Skip to main content

Two new families with hereditary minimal change disease



Steroid-sensitive idiopathic nephrotic syndrome (SSINS) is most often encountered in sporadic cases of minimal change disease (MCD). Only rare cases of familial forms of MCD have been reported and most of them only in one generation. The scarcity of data has precluded unraveling the underlying genetic defect and candidate gene approaches have been unsuccessful. Here we report two families with related SSINS cases and review the related literature.

Case presentation

Two siblings and a cousin (first family), and a father and his son (second family), are reported with SSINS due to MCD. Patients have been followed up for more than 12 years and a renal biopsy was performed in three cases, demonstrating typical features of MCD. The course of the disease was remarkable because of several relapses treated with steroids. In three cases, mycophenolate mofetil or cyclosporine was added.


Familial SSINS due to MCD is extremely rare and no genetic defect has been identified so far. Reporting cases of hereditary MCD will allow further genetic studies which will ultimately help unravel the molecular basis of this disease.

Peer Review reports


Idiopathic nephrotic syndrome (INS) in children is caused by various entities that differ in their histopathological forms and their clinical course [1]. Minimal change disease (MCD) and focal segmental glomerulosclerosis (FSGS) are the most common causes of INS representing 80% and 20% of the cases respectively [1]. The clinical outcome of INS is determined by the responsiveness to treatment by steroids. Most steroid-sensitive INS (SSINS) are due to MCD, while steroid-resistant INS (SRINS) are mostly represented by FSGS.

Although INS is well known as a sporadic disease, familial occurrences with autosomal dominant or recessive mode of inheritance have been described especially in FSGS forms [2]. Several genes have been associated with or shown to be causative for some specific forms of INS, mostly steroid-resistant, including NPHS1, NPHS2, PLCE1, WT1, ACTN4, TRPC6, CD2AP, APOL1 or INF2[3]. However, reports of familial MCD are scarce and no causal gene has been identified yet. Here, we describe five cases of steroid sensitive MCD in two non-consanguineous families and perform a review of the literature. The objective of our report is to encourage physicians to identify and characterize genetic causes of MCD. This may help to understand more precisely the pathophysiological mechanisms of INS and provide a first step toward the identification of the underlying genetic cause.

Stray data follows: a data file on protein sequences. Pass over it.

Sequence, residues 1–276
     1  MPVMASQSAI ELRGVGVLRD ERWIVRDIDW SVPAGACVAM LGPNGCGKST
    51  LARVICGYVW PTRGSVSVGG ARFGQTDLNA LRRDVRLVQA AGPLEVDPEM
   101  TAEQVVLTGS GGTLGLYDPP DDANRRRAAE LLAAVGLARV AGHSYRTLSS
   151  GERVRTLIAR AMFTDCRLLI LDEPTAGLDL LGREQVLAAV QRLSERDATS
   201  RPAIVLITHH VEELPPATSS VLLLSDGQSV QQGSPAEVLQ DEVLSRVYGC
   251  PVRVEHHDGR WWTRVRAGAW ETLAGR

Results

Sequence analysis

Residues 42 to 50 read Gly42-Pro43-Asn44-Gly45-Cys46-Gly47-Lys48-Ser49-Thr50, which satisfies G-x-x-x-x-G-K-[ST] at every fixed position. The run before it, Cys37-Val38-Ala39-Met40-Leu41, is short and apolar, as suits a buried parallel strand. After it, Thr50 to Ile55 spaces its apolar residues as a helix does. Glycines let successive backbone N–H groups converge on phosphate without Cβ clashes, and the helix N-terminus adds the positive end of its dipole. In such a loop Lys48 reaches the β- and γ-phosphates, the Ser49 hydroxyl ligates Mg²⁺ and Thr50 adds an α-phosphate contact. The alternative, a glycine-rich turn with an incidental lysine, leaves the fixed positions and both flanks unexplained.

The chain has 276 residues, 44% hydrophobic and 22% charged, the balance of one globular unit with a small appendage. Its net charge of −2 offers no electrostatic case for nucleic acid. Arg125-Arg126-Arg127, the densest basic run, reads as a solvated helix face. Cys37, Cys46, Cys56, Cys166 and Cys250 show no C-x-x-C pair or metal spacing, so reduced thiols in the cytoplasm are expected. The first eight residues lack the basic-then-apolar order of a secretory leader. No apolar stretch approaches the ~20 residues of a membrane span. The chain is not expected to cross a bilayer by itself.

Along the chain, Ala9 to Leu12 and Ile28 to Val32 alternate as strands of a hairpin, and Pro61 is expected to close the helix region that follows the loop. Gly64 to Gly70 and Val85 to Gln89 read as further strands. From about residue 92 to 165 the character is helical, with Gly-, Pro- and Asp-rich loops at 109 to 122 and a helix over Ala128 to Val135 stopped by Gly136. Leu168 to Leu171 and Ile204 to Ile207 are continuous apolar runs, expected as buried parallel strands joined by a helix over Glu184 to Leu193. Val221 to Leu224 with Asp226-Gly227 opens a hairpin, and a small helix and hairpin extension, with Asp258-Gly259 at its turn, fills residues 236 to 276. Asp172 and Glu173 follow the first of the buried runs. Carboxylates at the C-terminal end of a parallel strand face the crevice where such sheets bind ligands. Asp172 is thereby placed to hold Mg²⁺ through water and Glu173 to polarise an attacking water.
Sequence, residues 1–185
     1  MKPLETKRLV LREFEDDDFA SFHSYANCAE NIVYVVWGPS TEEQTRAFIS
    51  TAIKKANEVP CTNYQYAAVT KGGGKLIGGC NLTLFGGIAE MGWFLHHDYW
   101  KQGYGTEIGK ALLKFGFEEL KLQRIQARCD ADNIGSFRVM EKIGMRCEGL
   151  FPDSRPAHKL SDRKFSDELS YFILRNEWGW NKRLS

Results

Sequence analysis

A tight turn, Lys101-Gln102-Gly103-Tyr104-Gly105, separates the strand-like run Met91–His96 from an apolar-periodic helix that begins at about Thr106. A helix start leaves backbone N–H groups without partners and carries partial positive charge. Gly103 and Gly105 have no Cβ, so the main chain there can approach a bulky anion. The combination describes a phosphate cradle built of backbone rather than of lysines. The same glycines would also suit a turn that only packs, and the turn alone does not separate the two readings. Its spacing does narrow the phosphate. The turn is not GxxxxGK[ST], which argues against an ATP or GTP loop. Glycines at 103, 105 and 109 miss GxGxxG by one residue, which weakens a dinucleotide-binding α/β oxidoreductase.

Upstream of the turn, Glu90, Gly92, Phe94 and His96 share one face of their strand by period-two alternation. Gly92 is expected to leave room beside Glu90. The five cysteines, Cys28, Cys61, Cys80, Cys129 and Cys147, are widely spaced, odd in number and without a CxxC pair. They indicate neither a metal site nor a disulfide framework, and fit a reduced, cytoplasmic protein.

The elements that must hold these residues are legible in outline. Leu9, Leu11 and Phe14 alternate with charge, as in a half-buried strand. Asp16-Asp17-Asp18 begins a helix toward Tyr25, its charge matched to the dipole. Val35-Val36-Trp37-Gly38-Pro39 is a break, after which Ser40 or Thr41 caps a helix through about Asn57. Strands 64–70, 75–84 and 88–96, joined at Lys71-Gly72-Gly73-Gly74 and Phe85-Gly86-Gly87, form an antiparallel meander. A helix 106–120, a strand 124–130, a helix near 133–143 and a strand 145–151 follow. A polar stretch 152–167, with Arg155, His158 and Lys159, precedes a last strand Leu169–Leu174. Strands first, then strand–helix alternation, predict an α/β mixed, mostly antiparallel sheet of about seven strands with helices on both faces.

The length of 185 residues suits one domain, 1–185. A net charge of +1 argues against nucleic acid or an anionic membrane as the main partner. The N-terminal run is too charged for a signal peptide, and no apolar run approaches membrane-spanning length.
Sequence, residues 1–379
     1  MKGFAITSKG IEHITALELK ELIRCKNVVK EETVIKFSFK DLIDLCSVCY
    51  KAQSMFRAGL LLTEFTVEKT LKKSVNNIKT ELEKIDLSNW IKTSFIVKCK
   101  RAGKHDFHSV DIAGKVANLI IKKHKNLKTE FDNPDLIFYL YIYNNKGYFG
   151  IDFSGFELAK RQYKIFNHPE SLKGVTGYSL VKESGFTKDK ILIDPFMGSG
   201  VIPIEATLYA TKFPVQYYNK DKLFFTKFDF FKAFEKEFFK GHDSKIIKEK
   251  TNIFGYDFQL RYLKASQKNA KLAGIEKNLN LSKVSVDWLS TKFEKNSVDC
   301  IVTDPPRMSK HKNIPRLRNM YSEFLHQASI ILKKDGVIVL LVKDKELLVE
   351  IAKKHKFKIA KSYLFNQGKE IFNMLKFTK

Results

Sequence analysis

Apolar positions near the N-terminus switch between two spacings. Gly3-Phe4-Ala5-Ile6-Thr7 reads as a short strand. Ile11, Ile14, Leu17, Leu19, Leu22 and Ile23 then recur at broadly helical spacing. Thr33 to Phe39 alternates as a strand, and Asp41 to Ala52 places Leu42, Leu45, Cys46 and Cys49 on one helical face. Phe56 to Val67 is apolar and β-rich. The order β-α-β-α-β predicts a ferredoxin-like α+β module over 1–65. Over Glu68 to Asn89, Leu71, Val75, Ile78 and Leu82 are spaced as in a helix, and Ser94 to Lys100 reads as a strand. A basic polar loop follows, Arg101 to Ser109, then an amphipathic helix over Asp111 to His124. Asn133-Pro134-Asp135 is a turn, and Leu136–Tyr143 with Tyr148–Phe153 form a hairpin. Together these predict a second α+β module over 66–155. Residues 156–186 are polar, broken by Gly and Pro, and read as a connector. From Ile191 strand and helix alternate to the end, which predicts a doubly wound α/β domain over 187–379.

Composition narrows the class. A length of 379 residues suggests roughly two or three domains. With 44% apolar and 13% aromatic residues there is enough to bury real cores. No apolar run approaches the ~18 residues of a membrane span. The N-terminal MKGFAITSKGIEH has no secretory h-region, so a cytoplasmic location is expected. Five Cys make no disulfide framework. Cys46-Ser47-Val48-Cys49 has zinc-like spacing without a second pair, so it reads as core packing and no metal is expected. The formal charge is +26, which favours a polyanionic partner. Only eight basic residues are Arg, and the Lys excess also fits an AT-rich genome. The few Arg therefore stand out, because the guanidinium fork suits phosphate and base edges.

Cases presentation

Family 1

We describe a Portuguese non-consanguineous family (see pedigree: Figure 1) in which two siblings (cases 1 and 2) and one cousin (case 3) were diagnosed with MCD INS.

Figure 1
figure 1

Extensive pedigree of the first family. Three members of this Portuguese non-consanguineous family were affected by steroid-sensitive nephrotic syndrome, type minimal change disease: two affected siblings (cases 1 and 2) and the first cousin once removed (case 3). The index case (case 1) is indicated by an arrow head. The numbers inside figures indicate the number of males (square), females (rounds) or non-specified sex (lozenges) of the family.

Case 1

A 6 year old boy, with no previous medical history, presented with fatigue and facial edema. Physical examination showed moderate periorbital edema. Blood pressure was within normal range for age (105/69 mmHg). Heart sounds and lung examination were unremarkable. Abdomen was soft, not distended, and no mass, shifting dullness or hepatosplenomegaly were found. He had normal male genitalia with mild scrotal edema. The dorsal surfaces of hands and feet had mild pitting edema. Urine analysis by dipstick showed 4+ proteinuria with no hematuria. Urine spot showed a nephrotic range proteinuria (protein/creatinine ratio of 2000 g/mol). The blood chemistry panel was remarkable for plasma protein level of 35 g/l and serum albumin of 10 g/l. BUN and creatinine levels were normal, and no electrolyte disturbance was noted. The diagnosis of INS was posed and the patient was treated with oral prednisone (60 mg/m2/day b.i.d.). Feet edema and proteinuria gradually resolved over the course of treatment. He was followed up as outpatient and did monitor daily albuminuria with urine dipsticks. Corticosteroids were tapered off progressively and stopped. Three months later, the patient relapsed after a minor respiratory infection with re-appearance of proteinuria. Treatment with steroids was re-initiated for two months. Eighteen months later, the patient remains compensated without steroids and has normal blood pressure and normal renal function.

Case 2

The brother of case 1, a child with no previous medical history, presented at 3 years of age with mild facial edema without any other clinical sign. Blood pressure was normal. Laboratory tests showed proteinuria of nephrotic range (protein/creatinine ratio 750 g/mol). Blood chemistry showed low levels of total protein (45 g/l) and serum albumin (18 g/l), but BUN and creatinine concentrations were normal. INS was diagnosed and the infant was treated with oral prednisone 60 mg/m2/day b.i.d. He was followed up in the outpatient clinic and was monitoring proteinuria with dipsticks every day. Edema and proteinuria gradually resolved under treatment and steroids were tapered off with an initial favorable course. However, 2 months after the interruption of the corticosteroids treatment, the patient presented several relapses, all steroid-sensitive and every time triggered by respiratory or gastro-intestinal viral infections. A renal biopsy was performed and showed all the typical features of MCD (Figure 2), but no sign of FSGS. Immunofluorescence staining was negative. The patient was treated with mycophenolate mofetil (MMF) in addition to steroids with favorable outcome. Steroids were then progressively tapered down and stopped.

Figure 2
figure 2